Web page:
How to write a business proposal
A business proposal is a document that companies of any size send to potential customers with the intention of gaining work, selling services or products, and often signals the start of a professional relationship. Business proposals contain an offer to provide a specific service and at a bare minimum include details like the scope of work and the costs involved.
Business proposals are a type of sales document, as you are ultimately trying to win or close a deal when you send one. Because of this, business proposal writing is a required skill of any salesperson.
This article will discuss the basics of business proposals, why you and your business need them, and some writing tips.
When do you need to write a business proposal?
The main goal of writing a business proposal is to close business, so unless you’ve already hit your monthly quota or you’re at capacity with your workload, then you’ve got solid reasons for writing and sending business proposals.
In most cases, companies will create and send proposals in response to something called a request for proposal (RFP). If you receive an RFP and are interested in the work described, then it’s time to start putting together your proposal.
Responding to an RFP
Many companies and government agencies send out RFPs when they have a problem they need to resolve. For example, an electronics company may send out an RFP to multiple suppliers about an order for a special project.
The RFP includes details of the required work, the project budget, as well as the type of project and types of proposals expected. The amount of detail varies from company to company, so each one needs to be treated independently.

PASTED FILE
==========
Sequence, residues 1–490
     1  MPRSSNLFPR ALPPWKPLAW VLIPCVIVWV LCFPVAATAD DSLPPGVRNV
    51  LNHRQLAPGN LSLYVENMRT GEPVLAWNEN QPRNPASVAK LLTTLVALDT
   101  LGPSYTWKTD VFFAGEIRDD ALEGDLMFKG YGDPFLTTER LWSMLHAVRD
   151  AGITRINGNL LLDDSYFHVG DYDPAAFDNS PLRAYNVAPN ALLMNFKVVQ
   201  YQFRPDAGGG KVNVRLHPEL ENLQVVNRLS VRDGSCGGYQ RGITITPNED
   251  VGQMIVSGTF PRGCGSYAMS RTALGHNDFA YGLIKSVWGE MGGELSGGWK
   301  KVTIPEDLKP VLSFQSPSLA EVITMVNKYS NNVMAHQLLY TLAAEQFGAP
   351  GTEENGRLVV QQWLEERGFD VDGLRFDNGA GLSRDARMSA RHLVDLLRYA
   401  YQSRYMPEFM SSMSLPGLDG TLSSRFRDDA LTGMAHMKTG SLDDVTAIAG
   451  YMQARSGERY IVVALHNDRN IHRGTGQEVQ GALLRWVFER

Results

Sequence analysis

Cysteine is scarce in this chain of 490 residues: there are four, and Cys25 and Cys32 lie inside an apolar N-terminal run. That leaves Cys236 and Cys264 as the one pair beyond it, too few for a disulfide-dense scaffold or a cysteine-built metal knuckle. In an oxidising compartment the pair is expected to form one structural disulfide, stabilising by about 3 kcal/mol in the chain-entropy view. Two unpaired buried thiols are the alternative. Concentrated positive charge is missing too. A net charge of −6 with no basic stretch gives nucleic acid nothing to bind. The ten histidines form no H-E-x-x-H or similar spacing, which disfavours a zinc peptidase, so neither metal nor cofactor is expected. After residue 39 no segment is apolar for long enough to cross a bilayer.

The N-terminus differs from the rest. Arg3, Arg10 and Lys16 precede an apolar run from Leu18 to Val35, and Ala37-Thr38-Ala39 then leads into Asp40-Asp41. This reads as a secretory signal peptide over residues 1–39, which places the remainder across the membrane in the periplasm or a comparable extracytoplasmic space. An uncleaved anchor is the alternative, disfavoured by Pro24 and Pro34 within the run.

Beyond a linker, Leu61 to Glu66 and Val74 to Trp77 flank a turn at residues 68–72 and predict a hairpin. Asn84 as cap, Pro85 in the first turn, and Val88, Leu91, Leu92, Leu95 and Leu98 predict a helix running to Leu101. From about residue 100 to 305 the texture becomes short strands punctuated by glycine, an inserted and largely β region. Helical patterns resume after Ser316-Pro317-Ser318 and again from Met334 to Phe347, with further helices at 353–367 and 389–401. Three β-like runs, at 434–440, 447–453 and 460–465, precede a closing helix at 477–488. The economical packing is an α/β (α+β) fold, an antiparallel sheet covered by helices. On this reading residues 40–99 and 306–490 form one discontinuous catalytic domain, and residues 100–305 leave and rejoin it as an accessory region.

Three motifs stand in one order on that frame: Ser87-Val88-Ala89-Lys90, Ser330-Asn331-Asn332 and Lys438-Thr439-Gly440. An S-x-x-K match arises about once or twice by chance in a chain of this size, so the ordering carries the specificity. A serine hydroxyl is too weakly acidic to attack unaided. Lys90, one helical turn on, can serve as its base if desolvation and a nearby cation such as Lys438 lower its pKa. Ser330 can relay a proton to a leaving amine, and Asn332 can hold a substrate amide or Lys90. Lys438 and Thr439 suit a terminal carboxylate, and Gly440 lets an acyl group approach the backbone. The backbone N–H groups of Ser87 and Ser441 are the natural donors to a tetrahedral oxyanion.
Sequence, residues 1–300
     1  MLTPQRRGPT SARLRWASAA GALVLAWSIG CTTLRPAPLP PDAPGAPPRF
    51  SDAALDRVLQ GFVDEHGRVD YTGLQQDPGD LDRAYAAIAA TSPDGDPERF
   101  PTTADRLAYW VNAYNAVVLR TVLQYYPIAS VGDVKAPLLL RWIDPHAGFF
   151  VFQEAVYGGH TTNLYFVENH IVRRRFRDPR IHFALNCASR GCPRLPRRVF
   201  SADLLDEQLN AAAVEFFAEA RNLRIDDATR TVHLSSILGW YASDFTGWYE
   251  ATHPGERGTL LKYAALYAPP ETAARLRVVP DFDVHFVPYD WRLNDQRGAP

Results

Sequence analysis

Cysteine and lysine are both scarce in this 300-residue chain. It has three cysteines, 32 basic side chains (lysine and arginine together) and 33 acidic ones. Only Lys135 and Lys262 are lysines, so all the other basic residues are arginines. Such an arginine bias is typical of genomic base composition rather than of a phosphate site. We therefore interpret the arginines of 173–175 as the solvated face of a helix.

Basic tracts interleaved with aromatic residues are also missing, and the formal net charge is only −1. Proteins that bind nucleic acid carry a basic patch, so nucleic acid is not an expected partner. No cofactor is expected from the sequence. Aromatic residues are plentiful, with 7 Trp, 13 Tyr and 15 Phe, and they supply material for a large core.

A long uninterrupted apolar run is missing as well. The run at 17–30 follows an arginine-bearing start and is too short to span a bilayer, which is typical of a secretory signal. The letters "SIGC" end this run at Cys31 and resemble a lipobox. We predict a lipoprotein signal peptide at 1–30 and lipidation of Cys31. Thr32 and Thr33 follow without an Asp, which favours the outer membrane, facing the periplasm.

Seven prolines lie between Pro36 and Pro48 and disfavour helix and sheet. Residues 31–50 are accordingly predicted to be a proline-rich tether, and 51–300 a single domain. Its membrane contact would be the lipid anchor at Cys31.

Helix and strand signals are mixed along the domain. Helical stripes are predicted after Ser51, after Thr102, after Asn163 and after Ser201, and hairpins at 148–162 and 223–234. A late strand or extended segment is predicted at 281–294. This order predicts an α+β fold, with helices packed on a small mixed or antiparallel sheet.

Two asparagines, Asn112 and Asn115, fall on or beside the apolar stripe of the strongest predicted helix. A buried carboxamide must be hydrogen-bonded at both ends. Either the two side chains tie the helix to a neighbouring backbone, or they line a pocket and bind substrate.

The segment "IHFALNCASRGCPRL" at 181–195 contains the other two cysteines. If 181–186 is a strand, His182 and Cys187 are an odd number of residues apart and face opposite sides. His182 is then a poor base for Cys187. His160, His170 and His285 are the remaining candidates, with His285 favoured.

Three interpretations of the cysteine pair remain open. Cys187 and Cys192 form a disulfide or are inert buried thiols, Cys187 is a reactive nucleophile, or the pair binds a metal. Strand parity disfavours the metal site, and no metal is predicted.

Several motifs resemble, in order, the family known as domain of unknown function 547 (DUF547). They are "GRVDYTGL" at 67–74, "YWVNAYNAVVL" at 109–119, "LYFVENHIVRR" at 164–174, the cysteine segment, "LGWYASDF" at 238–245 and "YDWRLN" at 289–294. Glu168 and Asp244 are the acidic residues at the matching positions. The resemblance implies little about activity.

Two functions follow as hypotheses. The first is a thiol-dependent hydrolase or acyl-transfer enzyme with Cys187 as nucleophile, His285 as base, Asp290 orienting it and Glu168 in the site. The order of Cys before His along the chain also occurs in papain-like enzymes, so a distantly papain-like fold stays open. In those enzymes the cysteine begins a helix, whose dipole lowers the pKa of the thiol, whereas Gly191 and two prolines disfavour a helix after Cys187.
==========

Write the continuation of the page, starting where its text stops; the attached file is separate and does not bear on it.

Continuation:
When a company has sent you an RFP, they are clearly interested in your services and can be considered as ‘hot leads’. This makes a business proposal sent in response to an RFP a valuable opportunity to make a sale, so you want to get it right.
How to prepare
A big part of creating any effective business proposal is the preparation phase. Make sure you spend adequate time getting to know the company you are proposing to and that you fully understand the problem you are helping them to solve.
A blanket proposal that isn’t tailored to the recipient or their problem is not going to hit the spot very often. When responding to an RFP you may have all the information you need already, but if not, then don’t hesitate to ask questions and find out more useful details.
You could even research the opposition that may have already sent proposals to your target company. Knowing what they are likely to be offering gives you the upper hand and enables you to mold your approach accordingly.
Structuring the proposal
Now you need to structure a winning proposal. This part of the process varies depending on the specific situation, but there are a few pieces that are pretty universal:
Follow a clear and logical structure
By sticking to a clean and simple layout, the reader will easily digest your proposal and is more likely to accept it. If the document is all over the place then your at risk of distracting your recipient and they may consider choosing a competitor over your solution.
Start with a cover page